Content » Vol 94, Issue 4

Short communication

Imiquimod 5%: A Successful Treatment for Pseudolymphoma

Jane Baumgartner-Nielsen and Henrik Lorentzen

Department of Dermatology, University Hospital of Aarhus, P.P. Ørumsgade 11, DK–8000 Aarhus C, Denmark. E-mail:

Accepted Aug 6, 2013; Epub ahead of print Nov 8, 2013

Cutaneous pseudolymphoma (CPL) is a condition with reactive lymphoproliferative processes of different causes. Histologically and clinically it has features similar to malignant cutaneous lymphomas, however, monoclonality is not present.

Treatments of CPL include oral antibiotics, cryo­therapy, topical or intralesional corticosteroids. More widespred lesions can be treated with surgery or radio­therapy. Other treatment options include antimalarials and cytotoxic systemic therapies (1, 2).

We describe a recalcitrant case of facial CPL, but with a compelling response to topical imiquimod 5% (I5).


A 49-year-old man was referred with the histological diagnosis CPL. Gene rearrangement analysis demonstrated polyclonality in the T-cell receptor. There were no signs of malignancy, but clinically the patient presented a 6-month history of infiltrated red papules on the cheeks and nose. The patient presented no signs of systemic disease.

The patient was screened biochemically and no abnormalities were found. There were negative immunoglobulins for Lyme borreliosis and no antinuclear antibodies.

Topical treatment with group III steroids was initiated with some response, but due to lack of sufficient response the treatment was changed to antimalarials combined with topical tacrolimus 0.1%. This treatment was also stopped due to treatment failure and photodynamic therapy was attempted with some effect. Four months later there was a relapse and the following treatments were instigated: cryotherapy with liquid nitrogen with no effect, intralesionel corticosteroids, photodynamic therapy and topical group IV corticosteroid. The treatment response was fair but only temporary and phototherapy was started with narrow-band UVB 3 times/week for 12 weeks with some effect. The patient also completed a 4-week course with oral penicillin1.5 million international units, but with poor treatment response (Fig. 1, left). Topical treatment with the immunomodulator I5 5 times /week for 6 weeks was completed and resulted in total clearance of the CPL. A local reaction with moderate inflammation and crusting was observed, however, no relapse was observed 5 months post-treatment (Fig 1, right).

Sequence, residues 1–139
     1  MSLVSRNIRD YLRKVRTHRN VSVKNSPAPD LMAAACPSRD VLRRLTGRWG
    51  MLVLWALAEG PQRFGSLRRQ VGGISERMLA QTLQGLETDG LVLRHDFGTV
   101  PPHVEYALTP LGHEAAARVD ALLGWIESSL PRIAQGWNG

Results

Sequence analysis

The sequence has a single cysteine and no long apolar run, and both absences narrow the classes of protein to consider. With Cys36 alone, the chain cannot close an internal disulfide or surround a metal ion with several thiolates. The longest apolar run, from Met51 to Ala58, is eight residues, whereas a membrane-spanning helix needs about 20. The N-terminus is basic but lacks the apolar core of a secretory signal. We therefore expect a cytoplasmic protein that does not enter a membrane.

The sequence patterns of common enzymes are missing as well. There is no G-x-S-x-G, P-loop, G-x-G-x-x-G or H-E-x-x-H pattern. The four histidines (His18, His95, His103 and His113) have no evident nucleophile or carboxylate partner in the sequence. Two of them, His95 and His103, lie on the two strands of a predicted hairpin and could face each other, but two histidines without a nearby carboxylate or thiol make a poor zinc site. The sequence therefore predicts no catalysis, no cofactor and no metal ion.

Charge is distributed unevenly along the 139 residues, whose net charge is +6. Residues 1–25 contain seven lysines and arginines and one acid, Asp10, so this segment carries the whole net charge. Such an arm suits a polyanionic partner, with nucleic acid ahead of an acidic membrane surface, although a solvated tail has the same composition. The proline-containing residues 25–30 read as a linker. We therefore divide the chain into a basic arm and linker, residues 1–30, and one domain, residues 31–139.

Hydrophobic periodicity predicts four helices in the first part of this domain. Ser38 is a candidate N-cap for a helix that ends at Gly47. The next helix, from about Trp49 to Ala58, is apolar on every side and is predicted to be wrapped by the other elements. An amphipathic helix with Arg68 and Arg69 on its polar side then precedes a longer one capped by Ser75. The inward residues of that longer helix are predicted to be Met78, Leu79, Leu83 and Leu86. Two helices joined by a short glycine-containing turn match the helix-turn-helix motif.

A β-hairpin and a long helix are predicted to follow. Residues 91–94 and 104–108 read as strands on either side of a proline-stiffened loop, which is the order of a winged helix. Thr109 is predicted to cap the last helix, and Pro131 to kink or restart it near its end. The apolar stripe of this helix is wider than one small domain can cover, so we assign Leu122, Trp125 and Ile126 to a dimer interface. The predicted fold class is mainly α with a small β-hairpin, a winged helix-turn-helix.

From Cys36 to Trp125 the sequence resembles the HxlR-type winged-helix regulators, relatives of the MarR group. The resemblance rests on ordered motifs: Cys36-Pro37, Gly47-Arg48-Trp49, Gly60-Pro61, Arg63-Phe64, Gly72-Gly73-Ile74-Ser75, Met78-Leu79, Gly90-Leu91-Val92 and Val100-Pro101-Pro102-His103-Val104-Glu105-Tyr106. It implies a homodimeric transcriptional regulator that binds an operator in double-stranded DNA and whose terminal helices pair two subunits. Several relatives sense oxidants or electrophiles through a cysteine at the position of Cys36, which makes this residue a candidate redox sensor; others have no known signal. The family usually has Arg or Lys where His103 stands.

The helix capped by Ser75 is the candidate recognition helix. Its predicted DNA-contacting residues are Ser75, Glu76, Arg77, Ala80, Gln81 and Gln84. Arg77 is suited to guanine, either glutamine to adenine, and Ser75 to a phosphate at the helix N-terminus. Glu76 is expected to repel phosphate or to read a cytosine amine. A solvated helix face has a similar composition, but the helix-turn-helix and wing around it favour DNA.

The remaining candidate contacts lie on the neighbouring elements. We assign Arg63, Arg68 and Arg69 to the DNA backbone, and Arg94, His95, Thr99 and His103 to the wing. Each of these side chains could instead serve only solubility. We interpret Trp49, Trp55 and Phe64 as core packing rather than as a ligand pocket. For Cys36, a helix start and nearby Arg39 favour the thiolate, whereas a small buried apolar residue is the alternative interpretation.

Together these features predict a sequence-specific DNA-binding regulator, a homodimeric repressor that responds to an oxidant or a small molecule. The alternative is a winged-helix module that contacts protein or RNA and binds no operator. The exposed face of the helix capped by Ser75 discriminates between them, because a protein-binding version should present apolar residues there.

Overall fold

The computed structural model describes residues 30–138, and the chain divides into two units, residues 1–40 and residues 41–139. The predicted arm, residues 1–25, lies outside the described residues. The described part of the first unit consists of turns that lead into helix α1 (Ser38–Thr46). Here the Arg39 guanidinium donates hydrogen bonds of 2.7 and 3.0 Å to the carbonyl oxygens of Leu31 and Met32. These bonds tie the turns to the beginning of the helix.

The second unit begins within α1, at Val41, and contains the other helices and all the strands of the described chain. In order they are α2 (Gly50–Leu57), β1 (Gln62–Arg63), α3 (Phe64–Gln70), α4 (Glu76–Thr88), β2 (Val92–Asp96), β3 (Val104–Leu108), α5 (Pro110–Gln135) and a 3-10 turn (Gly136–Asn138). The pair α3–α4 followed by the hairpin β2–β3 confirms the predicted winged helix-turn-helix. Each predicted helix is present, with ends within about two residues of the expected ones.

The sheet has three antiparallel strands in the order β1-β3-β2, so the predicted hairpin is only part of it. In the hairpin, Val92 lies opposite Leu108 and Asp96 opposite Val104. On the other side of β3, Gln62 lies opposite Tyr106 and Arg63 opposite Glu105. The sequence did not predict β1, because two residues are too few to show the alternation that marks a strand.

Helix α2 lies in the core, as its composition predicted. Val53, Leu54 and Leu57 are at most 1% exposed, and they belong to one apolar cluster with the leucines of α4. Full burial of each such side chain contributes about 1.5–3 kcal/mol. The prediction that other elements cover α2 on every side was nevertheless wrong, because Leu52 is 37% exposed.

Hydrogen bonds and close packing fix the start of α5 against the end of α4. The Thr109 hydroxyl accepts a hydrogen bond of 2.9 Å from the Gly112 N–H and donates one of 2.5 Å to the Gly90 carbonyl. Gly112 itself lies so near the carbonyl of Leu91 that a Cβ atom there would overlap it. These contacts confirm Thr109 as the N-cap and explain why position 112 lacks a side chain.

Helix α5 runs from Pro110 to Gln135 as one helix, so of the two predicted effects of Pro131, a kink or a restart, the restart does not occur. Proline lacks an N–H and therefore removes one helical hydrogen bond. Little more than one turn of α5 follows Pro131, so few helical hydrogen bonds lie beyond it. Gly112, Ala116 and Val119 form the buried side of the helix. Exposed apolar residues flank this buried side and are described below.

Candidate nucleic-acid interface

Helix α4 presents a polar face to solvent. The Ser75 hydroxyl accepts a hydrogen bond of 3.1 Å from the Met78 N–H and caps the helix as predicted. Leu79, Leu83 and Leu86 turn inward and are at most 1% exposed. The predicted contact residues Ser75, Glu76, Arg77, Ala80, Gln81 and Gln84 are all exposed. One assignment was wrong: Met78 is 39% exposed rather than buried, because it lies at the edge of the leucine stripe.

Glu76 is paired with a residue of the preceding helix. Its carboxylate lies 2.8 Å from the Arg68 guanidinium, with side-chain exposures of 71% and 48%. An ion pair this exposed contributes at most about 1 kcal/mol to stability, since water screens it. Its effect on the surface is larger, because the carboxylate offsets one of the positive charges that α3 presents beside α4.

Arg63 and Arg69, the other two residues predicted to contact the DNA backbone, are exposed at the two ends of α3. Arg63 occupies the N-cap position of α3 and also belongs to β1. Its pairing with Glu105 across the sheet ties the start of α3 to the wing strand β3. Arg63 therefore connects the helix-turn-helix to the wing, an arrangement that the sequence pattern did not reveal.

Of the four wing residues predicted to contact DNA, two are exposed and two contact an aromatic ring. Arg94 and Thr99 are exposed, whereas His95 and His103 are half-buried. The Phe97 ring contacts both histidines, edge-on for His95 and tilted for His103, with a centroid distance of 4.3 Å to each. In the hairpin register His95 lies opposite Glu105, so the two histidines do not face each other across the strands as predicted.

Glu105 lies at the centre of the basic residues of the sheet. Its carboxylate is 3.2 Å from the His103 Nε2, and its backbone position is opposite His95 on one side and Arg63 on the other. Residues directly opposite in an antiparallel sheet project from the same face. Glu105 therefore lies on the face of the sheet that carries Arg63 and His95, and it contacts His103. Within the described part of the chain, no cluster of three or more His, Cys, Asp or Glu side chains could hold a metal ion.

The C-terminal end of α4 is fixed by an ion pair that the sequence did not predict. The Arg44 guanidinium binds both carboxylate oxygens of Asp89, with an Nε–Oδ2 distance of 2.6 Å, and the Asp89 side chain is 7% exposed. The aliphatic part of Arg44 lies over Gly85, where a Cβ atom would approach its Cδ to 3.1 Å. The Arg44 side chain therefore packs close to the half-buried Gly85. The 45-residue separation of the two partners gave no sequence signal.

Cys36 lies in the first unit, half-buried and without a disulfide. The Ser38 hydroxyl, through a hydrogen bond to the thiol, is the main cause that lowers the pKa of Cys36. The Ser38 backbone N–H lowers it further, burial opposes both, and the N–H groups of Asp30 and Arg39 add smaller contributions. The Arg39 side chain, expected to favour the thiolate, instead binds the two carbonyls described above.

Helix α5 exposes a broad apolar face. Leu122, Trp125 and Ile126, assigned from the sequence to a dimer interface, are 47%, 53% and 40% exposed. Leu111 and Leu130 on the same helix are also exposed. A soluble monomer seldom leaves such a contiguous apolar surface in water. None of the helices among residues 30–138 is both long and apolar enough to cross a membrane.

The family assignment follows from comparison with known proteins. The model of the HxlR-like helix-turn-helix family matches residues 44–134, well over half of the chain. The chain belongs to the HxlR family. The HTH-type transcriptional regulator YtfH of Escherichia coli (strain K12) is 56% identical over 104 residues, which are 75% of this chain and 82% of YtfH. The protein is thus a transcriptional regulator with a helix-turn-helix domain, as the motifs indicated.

Fig. 1. Treatment recalcitrant pseudolymphoma of the nose before (left) and after (right) imiquimod treatment.


Topical I5 is an immunomodulator that binds to Toll-like receptor 7 expressed in antigen-expressing cells. This results in the transcription of genes involved in the immune response, with subsequent synthesis and release of cytokines and initiation of an inflammatory response (3).

A former case report (4) describes the off label use of I5 for stage IA cutaneous T-cell lymphoma with a good clinical reponse. We speculate that some of the same mechanisms, due to the ability of I5 to initiate an inflammatory response of Th1 cytokines and increase the NK-cell activity, are responsible for the good clinical response to CPL. The histological description of the biopsies showed predominatly T cells with CD4 positivity but also some CD8 positive T cells.

CPL may be difficult to treat, however, this case indicates that I5 may be an efficient treatment alternative with excellent cosmetic result. Mode of action needs further study.

The authors declare no conflict interest.


1. Gilliam A, Wood G. Cutaneous lymphoid hyperplasias. Seminars in cutaneous medicine and surgery. Semin Cutan Med Surg 2000; 19: 133–141.

2. Shtilionova S, Drumeva P, Balabonova M, Krasnaliev I. What is pseudolymphoma and its nature. JofIMAB 2012, vol. 16, book 3.

3. Gupta AK, Cherman AM, Tyring SK. Viral and nonviral uses of imiquimod: a review. J Cutan Med Surg 2004; 8: 338–352.

4. Suchin KR, Junkins-Hopkins JM, Rook AH. Treatment of stage IA cutaneous T-cell lymphoma with topical application of the immune response modifier imiquimod. Arch Dermatol 2012; 138: 1137–1139.